Mexicans have watched with horror as public hospitals become ground zero of COVID-19 outbreaks. In recent months, hospitals in Mexico City and its surrounding area have edged dangerously close to reaching full capacity, prompting medical professionals to beg people to stay at home. The federal government has taken some steps to alleviate the overburdened health system by hiring thousands of new doctors and nurses, converting old hospitals and spaces to increase bed capacity, and offering stipends for those working in COVID-19 areas. But precarious working conditions remain.
Mexico’s national vaccination plan began in cities where hospitals edged closed to saturation, with priority given to medical staff and workers in direct contact with COVID-19 patients. Once the entire workforce is covered, the rest of the population will follow by age groups, from oldest to youngest. The goal is to vaccinate 750,000 health care workers by the end of January so the campaign can move on to the elderly population.
Soon after the first vaccination was televised on Christmas Eve, things started going awry. A hospital director in the state of Mexico allegedly ignored instructions to vaccinate front-line workers first by getting his shot before them and signing up his family members. Then came the photo of a muscular ophthalmologist getting the shot that went viral. Social media was quick to call out that he is not a front-line worker. And on Dec. 31, a pediatrician made her resignation public on social media, having witnessed hospital administrators skip the line. Just a few days into the rollout, health workers were staging protests.
COVID-19 vaccines are not the top priority for one of Lopez’s colleagues, a medical intern at the Hospital General de Ecatepec who asked not to be identified for fear of reprisals. “Personal protective equipment is still essential. Otherwise medical personal will keep dying,” she said over the phone. The 23-year-old has had to bring her own surgical gowns, masks, needles, gloves, and sanitizer to every shift for nearly the six months of her unpaid internship. After watching her close friend die, she is no longer sure she wants to continue her medical studies in Mexico.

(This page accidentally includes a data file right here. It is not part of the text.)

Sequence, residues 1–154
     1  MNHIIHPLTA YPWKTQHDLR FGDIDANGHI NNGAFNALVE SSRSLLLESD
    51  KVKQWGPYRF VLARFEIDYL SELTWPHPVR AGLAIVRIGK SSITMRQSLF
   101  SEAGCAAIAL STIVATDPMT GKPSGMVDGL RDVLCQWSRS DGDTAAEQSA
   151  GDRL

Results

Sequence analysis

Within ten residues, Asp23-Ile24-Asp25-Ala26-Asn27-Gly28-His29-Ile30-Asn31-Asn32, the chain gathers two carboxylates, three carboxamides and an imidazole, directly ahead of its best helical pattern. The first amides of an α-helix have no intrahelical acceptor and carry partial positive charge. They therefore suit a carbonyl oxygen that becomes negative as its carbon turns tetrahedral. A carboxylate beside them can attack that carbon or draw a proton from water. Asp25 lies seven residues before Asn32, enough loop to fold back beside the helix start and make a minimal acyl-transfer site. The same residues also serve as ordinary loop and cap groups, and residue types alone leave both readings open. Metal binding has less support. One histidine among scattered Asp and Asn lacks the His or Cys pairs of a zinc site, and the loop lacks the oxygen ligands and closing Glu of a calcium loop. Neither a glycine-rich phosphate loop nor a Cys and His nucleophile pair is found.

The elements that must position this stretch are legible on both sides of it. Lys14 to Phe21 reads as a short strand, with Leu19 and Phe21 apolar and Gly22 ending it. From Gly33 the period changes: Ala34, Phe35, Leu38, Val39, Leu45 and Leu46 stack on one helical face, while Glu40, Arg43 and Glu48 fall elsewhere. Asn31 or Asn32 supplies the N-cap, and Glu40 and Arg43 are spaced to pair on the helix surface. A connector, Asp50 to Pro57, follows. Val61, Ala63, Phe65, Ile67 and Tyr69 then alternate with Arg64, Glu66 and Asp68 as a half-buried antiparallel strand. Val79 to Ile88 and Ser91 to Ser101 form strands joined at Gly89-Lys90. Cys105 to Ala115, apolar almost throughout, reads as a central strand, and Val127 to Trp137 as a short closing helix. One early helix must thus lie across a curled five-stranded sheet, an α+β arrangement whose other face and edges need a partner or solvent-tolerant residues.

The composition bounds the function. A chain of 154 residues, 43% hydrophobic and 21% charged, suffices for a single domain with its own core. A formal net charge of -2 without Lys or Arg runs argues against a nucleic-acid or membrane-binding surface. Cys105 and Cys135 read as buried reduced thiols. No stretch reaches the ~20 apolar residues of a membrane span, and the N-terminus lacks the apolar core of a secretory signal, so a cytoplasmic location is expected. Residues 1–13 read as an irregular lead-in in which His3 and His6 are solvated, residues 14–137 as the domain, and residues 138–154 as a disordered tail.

“It’s painful to see the hospital deny its own staff the care and services they desperately need,” she said, referring to Lopez. “It hurts to see they don’t care about you and that you are just a number.” After Lopez’s death garnered media attention, his medical school pulled its interns out of the Hospital General de Ecatepec until it could guarantee safe working conditions and ordered evaluations of other medical facilities.
Health care workers are often kept silent by fear of retaliation and threats from administrators; very few speak out and hold protests. Francisco Julian Martinez, 46, a nurse in Mexico City, belongs to the Unión Nacional de Trabajadores por la Salud de México, a group of health care workers decrying foul play in the nation’s public health care system. Martinez has been a nurse for 24 years, and while he has already received the vaccine, he didn’t hesitate to join protesters on Jan. 2 who came out to demand fair access to the shot. “Hospitals are our second home, we are a family,” he said in between shifts, “and when no one has our backs, we have to take care of each other.”
The group has staged various protests this last year and is keeping a close eye on the vaccine rollout. Carolina Morales, 36, a hospital administrator at the Hospital La Raza in Mexico City and a member of the group, says they are only asking for more supervision and transparency from the government. Morales has witnessed the rollout inside her hospital firsthand and says the strategy as it stands today is subject to nepotism. “I don’t understand why the lists have to be a state secret,” she said of how vaccines are assigned to workers.
Sharon Lopez, Jorge’s sister, doesn’t believe her brother would have ever gotten the vaccine on time, but it doesn’t matter anymore. Her family hasn’t had much time to process Jorge’s death, because her father was hospitalized after developing a serious case of pneumonia caused by COVID-19. “Jorge was a hero with a white coat,” she said. “We only want justice for him and a better treatment for all medical interns.”